High Interest Debt: Credit card debt can be hard to get out from under. If you’re dealing with debt on multiple credit cards, you may be in some financial trouble. A personal loan with a fixed monthly payment can be a great option for you if you’re dealing with a mountain of debt that seems impossible to climb. However, you just have to remember to not continue to use your credit cards along with the personal loan, and further get yourself into serious debt.

Starting a Small Business: You’ve been dreaming about opening up your own business. Follow your dreams and make it happen. Startup costs can be expensive, so this is a great reason to get a personal loan.

Bad Reasons

Vacation: If you don’t have the money you need to take a vacation, the last thing you want to do is go into debt just to make it happen. Staycations are a good alternative and can be just as relaxing as a vacation, so save your money and by next summer maybe you’ll be ready to book that trip to the beach.

Investments: No matter how good you think you are at investing, it’s still a little like gambling. There are no guarantees when it comes to investing, so don’t put yourself into debt for something that may just end up putting you even further into the hole.

Wedding: Weddings can be super expensive. If you can afford a pricey wedding, great. But if you don’t have the funds for your dream wedding, do you really want to start off your new life together with a shiny new pile of debt?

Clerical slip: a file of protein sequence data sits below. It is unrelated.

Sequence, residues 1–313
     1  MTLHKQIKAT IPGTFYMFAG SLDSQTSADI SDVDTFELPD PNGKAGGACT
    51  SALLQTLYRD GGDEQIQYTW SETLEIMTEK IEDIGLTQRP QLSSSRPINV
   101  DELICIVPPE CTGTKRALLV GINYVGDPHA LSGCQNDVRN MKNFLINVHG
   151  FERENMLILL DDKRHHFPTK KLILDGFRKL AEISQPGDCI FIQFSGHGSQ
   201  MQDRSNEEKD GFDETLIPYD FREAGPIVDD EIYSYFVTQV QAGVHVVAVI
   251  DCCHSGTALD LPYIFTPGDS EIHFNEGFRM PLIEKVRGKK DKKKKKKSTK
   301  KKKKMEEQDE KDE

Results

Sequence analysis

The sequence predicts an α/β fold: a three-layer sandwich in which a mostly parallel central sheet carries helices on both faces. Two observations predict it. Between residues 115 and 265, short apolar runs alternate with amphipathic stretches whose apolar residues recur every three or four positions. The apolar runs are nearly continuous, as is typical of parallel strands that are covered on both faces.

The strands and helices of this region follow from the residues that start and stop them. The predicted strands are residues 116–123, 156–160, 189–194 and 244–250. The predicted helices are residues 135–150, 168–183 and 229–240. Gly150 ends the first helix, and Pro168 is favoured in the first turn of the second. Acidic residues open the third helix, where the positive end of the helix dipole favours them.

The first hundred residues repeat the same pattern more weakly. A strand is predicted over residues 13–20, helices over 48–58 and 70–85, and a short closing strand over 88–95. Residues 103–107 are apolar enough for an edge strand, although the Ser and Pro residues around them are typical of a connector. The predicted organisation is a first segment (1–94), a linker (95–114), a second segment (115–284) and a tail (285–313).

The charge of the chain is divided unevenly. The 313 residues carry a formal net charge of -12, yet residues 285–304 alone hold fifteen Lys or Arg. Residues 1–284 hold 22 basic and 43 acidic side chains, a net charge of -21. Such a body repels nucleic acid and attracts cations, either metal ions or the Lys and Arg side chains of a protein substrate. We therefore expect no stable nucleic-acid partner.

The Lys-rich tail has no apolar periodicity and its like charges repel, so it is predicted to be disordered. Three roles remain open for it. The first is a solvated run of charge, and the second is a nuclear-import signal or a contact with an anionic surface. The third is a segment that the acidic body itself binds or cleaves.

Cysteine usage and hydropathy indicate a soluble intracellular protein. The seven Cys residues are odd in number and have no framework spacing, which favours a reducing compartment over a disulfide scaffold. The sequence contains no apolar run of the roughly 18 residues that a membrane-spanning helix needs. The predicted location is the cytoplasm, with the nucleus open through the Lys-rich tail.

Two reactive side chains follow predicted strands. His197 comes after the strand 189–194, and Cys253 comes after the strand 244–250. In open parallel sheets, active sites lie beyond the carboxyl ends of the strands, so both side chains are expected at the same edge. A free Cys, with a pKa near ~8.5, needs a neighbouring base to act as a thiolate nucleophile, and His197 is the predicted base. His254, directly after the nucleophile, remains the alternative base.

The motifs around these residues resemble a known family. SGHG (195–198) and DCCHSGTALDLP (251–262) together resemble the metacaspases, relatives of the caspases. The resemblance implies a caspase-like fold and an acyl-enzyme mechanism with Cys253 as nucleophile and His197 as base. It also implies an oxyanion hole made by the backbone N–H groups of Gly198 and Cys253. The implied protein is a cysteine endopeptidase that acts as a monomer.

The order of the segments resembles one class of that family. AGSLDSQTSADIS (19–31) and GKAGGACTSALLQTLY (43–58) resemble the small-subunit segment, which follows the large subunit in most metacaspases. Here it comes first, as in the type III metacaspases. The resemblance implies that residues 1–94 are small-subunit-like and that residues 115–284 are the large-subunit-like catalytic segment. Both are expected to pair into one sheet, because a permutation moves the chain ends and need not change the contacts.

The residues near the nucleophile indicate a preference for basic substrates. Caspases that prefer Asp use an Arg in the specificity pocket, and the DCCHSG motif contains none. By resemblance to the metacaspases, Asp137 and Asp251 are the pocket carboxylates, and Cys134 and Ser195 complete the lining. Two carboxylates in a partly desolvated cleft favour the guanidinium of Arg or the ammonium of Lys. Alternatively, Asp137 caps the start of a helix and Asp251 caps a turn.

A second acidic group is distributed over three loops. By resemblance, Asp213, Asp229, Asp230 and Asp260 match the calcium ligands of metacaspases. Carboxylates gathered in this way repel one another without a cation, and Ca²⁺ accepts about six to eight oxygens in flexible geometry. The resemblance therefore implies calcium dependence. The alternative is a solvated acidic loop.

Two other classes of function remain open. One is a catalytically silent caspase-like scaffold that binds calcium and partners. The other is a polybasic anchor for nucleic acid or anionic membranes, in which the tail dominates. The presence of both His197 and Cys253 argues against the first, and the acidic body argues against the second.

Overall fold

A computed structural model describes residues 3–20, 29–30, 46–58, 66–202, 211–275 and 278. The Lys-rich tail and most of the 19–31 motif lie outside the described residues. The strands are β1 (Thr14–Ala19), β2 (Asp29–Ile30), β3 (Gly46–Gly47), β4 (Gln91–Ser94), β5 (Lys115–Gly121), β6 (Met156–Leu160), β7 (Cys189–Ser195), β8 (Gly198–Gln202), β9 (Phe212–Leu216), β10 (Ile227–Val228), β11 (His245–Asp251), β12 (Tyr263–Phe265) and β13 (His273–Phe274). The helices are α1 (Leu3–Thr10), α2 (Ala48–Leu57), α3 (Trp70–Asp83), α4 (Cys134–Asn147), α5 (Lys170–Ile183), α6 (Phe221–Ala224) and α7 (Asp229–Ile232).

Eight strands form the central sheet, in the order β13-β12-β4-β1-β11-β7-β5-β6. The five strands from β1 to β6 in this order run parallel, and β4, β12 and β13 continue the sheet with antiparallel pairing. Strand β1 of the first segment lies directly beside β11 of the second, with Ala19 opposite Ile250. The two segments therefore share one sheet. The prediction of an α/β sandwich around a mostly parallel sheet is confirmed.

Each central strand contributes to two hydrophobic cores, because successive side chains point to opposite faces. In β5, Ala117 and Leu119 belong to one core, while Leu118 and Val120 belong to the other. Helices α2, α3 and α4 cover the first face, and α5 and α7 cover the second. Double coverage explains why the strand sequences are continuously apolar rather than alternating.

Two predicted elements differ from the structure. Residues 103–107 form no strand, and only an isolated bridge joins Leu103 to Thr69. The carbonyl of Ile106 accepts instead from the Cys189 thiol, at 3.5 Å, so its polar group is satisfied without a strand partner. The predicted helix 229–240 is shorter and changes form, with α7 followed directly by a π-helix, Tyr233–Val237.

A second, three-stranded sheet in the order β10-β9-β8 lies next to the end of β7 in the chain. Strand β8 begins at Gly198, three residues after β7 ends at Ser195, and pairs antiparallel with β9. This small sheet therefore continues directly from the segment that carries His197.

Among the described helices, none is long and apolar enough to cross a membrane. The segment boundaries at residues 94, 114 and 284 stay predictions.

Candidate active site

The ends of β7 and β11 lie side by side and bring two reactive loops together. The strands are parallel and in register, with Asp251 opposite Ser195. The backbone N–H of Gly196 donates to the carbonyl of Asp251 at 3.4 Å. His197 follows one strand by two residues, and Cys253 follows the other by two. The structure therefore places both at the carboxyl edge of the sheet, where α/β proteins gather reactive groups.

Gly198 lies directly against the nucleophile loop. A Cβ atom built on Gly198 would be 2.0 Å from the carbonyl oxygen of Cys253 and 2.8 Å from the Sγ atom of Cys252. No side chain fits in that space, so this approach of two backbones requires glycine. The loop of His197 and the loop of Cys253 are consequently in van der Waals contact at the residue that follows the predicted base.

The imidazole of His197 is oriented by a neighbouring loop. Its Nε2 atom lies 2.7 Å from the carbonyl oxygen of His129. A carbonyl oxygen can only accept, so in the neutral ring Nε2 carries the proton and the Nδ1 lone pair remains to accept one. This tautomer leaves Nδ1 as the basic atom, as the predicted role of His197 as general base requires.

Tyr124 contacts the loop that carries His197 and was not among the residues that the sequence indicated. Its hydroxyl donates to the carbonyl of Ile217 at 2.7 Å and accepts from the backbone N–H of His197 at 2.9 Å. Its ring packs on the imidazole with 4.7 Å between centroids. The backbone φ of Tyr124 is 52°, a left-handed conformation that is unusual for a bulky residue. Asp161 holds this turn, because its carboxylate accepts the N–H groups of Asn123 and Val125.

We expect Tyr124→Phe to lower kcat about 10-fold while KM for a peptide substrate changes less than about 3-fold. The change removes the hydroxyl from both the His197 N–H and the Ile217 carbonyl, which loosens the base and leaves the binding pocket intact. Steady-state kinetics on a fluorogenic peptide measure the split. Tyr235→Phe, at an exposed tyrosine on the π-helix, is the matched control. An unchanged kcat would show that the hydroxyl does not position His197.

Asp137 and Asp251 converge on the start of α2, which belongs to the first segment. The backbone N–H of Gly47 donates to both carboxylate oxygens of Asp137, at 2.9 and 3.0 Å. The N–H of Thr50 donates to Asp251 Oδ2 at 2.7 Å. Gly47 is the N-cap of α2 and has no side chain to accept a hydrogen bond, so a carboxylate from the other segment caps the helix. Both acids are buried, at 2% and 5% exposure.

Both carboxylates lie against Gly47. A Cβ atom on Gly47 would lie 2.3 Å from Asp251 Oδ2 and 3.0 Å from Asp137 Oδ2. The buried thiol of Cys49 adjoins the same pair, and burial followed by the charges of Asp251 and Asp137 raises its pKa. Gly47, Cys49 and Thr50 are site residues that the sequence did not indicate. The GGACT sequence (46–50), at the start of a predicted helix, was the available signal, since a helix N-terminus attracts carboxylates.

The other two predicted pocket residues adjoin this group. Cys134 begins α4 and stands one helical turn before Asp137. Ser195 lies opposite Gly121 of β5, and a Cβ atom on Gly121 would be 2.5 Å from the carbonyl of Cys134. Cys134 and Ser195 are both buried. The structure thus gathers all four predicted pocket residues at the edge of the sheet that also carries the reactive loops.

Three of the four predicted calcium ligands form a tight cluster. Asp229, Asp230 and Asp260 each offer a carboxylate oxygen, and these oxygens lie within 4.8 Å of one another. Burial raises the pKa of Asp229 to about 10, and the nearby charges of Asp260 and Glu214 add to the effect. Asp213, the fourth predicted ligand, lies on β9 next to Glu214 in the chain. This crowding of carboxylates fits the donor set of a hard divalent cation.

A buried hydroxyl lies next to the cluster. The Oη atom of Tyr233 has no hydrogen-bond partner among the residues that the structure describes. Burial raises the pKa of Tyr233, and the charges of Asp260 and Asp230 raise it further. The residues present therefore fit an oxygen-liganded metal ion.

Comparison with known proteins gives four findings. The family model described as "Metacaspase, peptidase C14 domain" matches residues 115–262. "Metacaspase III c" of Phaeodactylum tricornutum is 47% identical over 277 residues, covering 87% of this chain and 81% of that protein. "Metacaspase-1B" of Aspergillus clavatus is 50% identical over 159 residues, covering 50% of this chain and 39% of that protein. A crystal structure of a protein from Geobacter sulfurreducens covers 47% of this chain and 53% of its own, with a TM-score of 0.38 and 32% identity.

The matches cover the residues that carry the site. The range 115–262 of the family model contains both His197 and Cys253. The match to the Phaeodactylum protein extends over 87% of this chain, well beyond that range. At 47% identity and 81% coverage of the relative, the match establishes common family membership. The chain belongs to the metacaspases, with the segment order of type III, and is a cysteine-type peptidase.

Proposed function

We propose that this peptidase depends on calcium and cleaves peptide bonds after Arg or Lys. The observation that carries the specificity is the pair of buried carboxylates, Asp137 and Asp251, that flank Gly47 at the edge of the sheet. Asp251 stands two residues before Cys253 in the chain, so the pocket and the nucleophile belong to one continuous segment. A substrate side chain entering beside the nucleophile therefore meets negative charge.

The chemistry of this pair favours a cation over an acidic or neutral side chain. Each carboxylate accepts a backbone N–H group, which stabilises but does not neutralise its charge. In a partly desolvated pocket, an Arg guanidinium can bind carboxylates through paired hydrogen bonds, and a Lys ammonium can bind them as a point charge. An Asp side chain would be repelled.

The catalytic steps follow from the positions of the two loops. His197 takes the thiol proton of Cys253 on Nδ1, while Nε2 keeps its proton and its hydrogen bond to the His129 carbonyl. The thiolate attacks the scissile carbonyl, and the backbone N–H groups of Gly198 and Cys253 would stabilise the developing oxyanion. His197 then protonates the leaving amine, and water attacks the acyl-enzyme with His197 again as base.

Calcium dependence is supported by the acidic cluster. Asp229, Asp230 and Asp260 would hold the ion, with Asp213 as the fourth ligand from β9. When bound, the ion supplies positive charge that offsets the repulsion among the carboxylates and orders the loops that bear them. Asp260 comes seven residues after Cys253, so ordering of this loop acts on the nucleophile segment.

Sometimes, for important items we need in life – the money just isn’t there. First Financial is dedicated to providing small personal loans that can help cover the costs of life’s necessary expenses. If you live, work, worship, volunteer, or attend school in Monmouth or Ocean Counties in NJ – this may be a great financial solution for you. Learn more and apply online today!

*APR = Annual Percentage Rate. Rates are subject to change. Maximum loan is $25K and maximum term is 60 months. Not all applicants qualify, subject to credit approval. A First Financial membership is required to obtain a personal loan, and is open to anyone who lives, works, worships, volunteers or attends school in Monmouth or Ocean Counties. A $5 deposit in a base savings account is required for credit union membership prior to opening any other account/loan. See credit union for details.

Article Source: John Pettit for CUInsight.com

Ways to Keep Your Medical Expenses in Check

Medical expenses have gone crazy. You don’t have to do the same.

In the United States, healthcare has grown into a $3 trillion industry. That’s $3,000,000,000,000. That’s a lot of zeros—so many that for most of us, the number doesn’t even seem real. But if we break it down to a personal level, that means the average American spends more than $11,000 per year on healthcare costs. If that doesn’t sound troublesome, consider the fact that the annual cost of healthcare for a family of four tops $28,000. With the median household income coming in at $63,000 per year, that means the average U.S. family can wind up spending more than 40% of their annual income on medical-related expenses.